October: Varun Dhawan's performance is rehearsed yet nuanced in Shoojit Sircar's autumnal tale
Screenwriter Juhi Chaturvedi created Bhashkor Banerjee (Amitabh Bachchan's senile, 70-year-old character in Piku) who pleaded his daughter not to subject him to a ventilator in the autumn of his life. And in Shoojit Sircar's October, she also creates — with equal conviction — Dan (Varun Dhawan); a hotel management trainee in his early 20s, who believes his friend Shiuli (Banita Sandhu) would want to hold on to life at any cost, in any state.
Discerning viewers would label Juhi as conflicted on the burning issue of passive euthanasia. But with October, she shows that she does not care. Her film transcends logic, debate and even ethics. It is touted as a story about love.
More than love, October propositions itself as a story about hope.
Shiuli meets an unfortunate accident (not a road accident as is the norm) and finds herself in coma. Her colleague Dan, who shared a cordial-at-best relationship with her, vows to be by her side through thick, thin and everything in between. While their other colleagues, who were more close to Shiuli, give up on her; he fails to get back to all that's mundane by 'moving on'.
Now, the hope vs resignation, or the heart vs head battle, has been explored in films like Waiting, Guzaarish and even Piku. But where October rebels is the relationship between the survivor and the companion. He is not even sure if she loves her. All he knows is he cares for her. He risks his career by walking out of his training and distances himself from friends who have put blinkers on for the sake of sanity.
Dan is unlike all Shoojit Sircar protagonists. Dhawan plays it like Akshay Kumar has portrayed many of his too-pure-to-be-serious characters, for instance in Houseful and Welcome, though in tune with rhythm of Sircar's seamless poetry. There's this niggling thing though, of Varun's accent (that two of his other colleagues have as well). It makes them sound like they are tipsy. Case in point: "Uss ko coma mein dekh ke toh mera hawa tight ho gaya" (please spare me the pain of translating).
Dhawan portrays a dichotomy of laid back body language and proactive behaviour with a sincerity that seems manufactured. Sircar seems to have cast his shadow on Dhawan, which is why the star is visibly out of his comfort zone. But kudos to Dhawan for his consistency. Notwithstanding the inorganic acting, he does not get trapped by his superstar persona. Also, he does not mouth his dialogues as a tapori just to prove that he is a guy from the streets a la Judwaa 2. His naive act is nuanced, even if rehearsed.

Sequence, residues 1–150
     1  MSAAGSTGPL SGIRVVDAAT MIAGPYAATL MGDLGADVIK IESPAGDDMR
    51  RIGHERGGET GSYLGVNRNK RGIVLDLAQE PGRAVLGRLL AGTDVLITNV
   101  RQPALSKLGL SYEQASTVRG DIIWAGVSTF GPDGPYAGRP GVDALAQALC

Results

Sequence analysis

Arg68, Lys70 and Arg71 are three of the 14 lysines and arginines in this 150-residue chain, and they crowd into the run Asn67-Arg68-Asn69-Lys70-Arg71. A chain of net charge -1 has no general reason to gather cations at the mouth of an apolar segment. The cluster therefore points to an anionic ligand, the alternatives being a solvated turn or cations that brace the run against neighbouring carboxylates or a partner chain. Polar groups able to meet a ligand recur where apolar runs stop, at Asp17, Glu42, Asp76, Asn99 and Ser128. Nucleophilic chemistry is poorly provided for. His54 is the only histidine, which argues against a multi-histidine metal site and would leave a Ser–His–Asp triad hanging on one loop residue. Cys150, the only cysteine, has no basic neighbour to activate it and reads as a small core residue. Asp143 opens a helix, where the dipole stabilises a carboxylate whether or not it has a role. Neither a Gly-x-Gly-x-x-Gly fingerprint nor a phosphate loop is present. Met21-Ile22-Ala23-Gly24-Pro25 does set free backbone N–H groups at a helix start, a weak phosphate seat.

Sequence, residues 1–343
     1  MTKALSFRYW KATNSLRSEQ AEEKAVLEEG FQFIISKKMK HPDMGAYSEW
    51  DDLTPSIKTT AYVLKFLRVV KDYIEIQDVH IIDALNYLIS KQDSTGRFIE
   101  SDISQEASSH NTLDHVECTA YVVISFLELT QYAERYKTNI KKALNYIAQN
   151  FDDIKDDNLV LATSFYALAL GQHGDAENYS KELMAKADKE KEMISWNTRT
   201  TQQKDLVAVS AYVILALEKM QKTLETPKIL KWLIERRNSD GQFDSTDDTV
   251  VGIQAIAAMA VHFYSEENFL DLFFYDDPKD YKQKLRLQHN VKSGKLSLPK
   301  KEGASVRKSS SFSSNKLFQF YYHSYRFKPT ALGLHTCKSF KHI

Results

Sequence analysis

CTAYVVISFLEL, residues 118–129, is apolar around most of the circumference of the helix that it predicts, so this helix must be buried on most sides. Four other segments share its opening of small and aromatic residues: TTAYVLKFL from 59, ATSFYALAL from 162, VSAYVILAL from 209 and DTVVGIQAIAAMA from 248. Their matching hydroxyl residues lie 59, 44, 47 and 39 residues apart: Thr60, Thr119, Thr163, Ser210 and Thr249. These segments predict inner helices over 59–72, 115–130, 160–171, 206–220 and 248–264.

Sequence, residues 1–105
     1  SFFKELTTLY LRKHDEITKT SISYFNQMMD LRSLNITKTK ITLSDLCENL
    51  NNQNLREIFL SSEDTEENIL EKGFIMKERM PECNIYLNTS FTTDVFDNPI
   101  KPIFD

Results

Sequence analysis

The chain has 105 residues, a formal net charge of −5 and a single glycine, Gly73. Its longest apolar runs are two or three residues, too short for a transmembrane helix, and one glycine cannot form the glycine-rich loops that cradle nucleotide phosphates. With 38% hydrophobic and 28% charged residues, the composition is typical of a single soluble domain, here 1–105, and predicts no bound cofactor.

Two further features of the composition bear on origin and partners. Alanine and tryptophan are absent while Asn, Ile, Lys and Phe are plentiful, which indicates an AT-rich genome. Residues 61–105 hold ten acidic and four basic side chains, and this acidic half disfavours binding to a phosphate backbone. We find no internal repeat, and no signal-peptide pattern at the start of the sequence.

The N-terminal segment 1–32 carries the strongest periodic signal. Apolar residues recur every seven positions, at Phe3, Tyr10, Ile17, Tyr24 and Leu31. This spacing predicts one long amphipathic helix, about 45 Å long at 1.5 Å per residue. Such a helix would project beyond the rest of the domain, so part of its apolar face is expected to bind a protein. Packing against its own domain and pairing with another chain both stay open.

A lead actor's achievement is in performing better than the supporting cast, where he fails. Debutante Banita Sandhu has few dialogues as she remains confined to her bed, and her face fixated at a clean slate. But to her credit, she does register her presence as her emotions break out of her listless face, without the crutch of translating into expressions. A special mention to the actress who plays Shuili's mom (Gitanjali Rao). She brings gravitas to her role of a resilient mother.
Another character that does have a lengthy screen time is Nature. The lens, under Shoojit's command, chronicles the seasonal cycle of lush greens and submissive old trees as a parallel narrative to Dan and Shuili's story. October, the month, falls in autumn which is when the trees shed their leaves and flowers only so that the earth can be replenished. "If winter comes, spring is not far away" is written all over the film, as is evident by the leitmotif of the night-flowering jasmine, which has a short life but is a symbol of fertility and immortality.
The long road from fall to monsoon though is hammered time and again through Juhi's deliberately exhausting screenplay, Shantanu Moitra's painstaking one-note background score and Shoojit's intentional zidd to wear the viewers down, and then give them that tiny night-flowering jasmine to live with as long as they can.
Unfortunately, this writer's patience waned out much faster than Dan. There were hints that let out hope for the Shoojit-Juhi magic to cast its spell, only to be taken away by a painful retreat to square one. This cyclic reaction went on throughout the the film and it drained me out. Ultimately, in this film, have Shoojit and Juhi offered us one last leaf (or the last petal in this case) to hold on to? The eternal optimist in me says yes.
Updated Date: Apr 13, 2018 16:05 PM